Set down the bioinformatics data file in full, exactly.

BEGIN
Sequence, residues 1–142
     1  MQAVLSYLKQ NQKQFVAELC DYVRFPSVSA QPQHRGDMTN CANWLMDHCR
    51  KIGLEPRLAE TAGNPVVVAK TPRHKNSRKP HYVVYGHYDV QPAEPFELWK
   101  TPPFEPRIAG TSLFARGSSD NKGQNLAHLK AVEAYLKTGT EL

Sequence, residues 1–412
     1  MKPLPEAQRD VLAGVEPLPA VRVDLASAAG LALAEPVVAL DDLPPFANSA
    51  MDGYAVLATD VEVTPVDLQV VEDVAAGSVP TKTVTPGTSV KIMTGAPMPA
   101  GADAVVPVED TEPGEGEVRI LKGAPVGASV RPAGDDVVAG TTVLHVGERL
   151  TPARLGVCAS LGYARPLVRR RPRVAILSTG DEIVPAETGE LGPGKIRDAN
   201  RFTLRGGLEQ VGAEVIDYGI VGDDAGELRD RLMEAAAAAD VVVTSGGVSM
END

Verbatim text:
Sequence, residues 1–142
     1  MQAVLSYLKQ NQKQFVAELC DYVRFPSVSA QPQHRGDMTN CANWLMDHCR
    51  KIGLEPRLAE TAGNPVVVAK TPRHKNSRKP HYVVYGHYDV QPAEPFELWK
   101  TPPFEPRIAG TSLFARGSSD NKGQNLAHLK AVEAYLKTGT EL

Sequence, residues 1–412
     1  MKPLPEAQRD VLAGVEPLPA VRVDLASAAG LALAEPVVAL DDLPPFANSA
    51  MDGYAVLATD VEVTPVDLQV VEDVAAGSVP TKTVTPGTSV KIMTGAPMPA
   101  GADAVVPVED TEPGEGEVRI LKGAPVGASV RPAGDDVVAG TTVLHVGERL
   151  TPARLGVCAS LGYARPLVRR RPRVAILSTG DEIVPAETGE LGPGKIRDAN
   201  RFTLRGGLEQ VGAEVIDYGI VGDDAGELRD RLMEAAAAAD VVVTSGGVSM